Julia is thrilled that a family tour to Niagara will bring her briefly to the Miller's modest home on the Genesee, a thrill intensified by letters from Anna that she is much admired secretly by a local gentleman Anna calls Antonio. At once but at a distance Julia falls in love with Antonio, ignoring the offer of young Weston whom she regards as insufficiently heroic-he had confessed to a very human start when a crack of thunder interrupted a summer outing. So obsessed does Julia become with Antonio that she imagines the uncouth coachman her aunt has hired to convey them to Niagara to be the young gentleman in disguise. (Had Cooper read of a very similar plot line in Tabitha Tenney's Female Quixotism?) Even when Weston helps save the family from a fatal plunge in their carriage, Julia can see heroism only in the supposed Antonio.
Julia's reunion with Anna brings the unwelcome shock that Anna has simply invented "Antonio" as an alleged admirer to enliven her letters written from a lonely country hamlet. A closer look at the coachman discloses not a clever disguise over a coarse exterior but a common coachman coarse all the way through—complete with tobacco juice freely distributed. Cooper winds the tale up quickly—as he did "Heart" and The Spy too. After returning home, Julia, Cooper tells us, could not recollect these misadventures until at least a year after her marriage with Charles Weston. The "visionary" girl (41) has given way to reason, though Cooper denies his fifteen-year-old audience the satisfaction of reading exactly the words Weston used in his second proposal.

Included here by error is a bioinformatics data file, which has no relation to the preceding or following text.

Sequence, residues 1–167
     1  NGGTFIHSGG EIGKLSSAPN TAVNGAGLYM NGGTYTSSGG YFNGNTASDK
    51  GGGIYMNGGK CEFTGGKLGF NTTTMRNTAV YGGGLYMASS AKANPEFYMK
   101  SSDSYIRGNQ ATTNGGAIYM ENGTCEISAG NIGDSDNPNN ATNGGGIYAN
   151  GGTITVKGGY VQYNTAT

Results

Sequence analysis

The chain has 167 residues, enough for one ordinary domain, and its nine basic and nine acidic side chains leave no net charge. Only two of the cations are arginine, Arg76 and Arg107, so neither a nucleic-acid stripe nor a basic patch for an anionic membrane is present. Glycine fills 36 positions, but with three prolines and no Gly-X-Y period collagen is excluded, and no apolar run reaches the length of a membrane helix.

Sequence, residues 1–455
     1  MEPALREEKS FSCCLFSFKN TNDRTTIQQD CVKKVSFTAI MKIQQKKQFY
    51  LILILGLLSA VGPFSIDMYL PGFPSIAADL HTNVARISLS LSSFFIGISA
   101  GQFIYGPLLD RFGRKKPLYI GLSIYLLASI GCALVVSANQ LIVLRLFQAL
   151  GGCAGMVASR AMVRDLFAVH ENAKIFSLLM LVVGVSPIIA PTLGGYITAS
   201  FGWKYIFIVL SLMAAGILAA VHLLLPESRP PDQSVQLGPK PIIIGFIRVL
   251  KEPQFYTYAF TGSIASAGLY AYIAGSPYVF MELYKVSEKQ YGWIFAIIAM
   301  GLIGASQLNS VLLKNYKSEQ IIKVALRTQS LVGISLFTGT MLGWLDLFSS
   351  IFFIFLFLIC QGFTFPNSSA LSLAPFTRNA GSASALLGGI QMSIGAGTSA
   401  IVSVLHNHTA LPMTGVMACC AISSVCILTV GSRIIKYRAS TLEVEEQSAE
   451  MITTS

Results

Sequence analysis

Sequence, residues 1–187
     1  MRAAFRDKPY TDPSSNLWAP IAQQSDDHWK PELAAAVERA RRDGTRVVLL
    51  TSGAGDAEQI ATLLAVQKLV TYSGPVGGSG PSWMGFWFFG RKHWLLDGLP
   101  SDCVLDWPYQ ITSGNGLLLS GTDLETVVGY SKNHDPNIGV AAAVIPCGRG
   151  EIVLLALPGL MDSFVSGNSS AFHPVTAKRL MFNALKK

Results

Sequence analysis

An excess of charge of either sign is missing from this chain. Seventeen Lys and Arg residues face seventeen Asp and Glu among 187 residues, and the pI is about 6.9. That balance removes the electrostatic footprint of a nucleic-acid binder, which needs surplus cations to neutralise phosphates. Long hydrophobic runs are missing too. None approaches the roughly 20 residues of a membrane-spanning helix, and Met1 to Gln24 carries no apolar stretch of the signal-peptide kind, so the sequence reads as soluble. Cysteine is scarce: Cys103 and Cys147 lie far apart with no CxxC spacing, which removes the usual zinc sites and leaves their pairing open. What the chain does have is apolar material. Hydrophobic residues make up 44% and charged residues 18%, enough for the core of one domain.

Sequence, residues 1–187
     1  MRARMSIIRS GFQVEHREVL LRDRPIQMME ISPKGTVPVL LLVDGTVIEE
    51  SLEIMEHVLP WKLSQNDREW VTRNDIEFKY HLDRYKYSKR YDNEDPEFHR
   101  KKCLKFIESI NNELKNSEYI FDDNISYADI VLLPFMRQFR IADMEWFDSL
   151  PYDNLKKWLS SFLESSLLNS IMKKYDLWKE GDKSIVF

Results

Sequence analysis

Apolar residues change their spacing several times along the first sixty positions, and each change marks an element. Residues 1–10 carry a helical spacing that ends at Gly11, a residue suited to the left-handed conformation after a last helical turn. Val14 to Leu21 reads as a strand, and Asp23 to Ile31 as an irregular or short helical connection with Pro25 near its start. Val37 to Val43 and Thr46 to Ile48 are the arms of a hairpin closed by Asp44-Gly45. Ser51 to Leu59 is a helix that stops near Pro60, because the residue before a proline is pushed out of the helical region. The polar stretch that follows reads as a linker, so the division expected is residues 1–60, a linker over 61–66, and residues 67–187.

"Heart," the companion story, preaches the moral of true love unrewarded rather than false love corrected. Charlotte Henley, through her wit and elegance, wins the admiration of Seymour Delafield, the most eligible bachelor in Manhattan, "with his handsome person, and three hundred thousand dollars," (138) Cooper several times iterates. To his surprise, Charlotte rejects Delafield's proposal, for she has been in love with her modest and sickly friend George Morton since childhood. By saving a stricken man in winter, Morton exposes himself to the final ravages of one of those unnamed wasting diseases that carried off countless nineteenth-century characters. The unusual twist here is that the victim is male, but at least Charlotte and George confess their love before he expires, presumably amidst the sobs of their readers. Charlotte refuses all other offers, and Seymour consoles himself with marriage to Charlotte's sensible (and poor) friend Maria.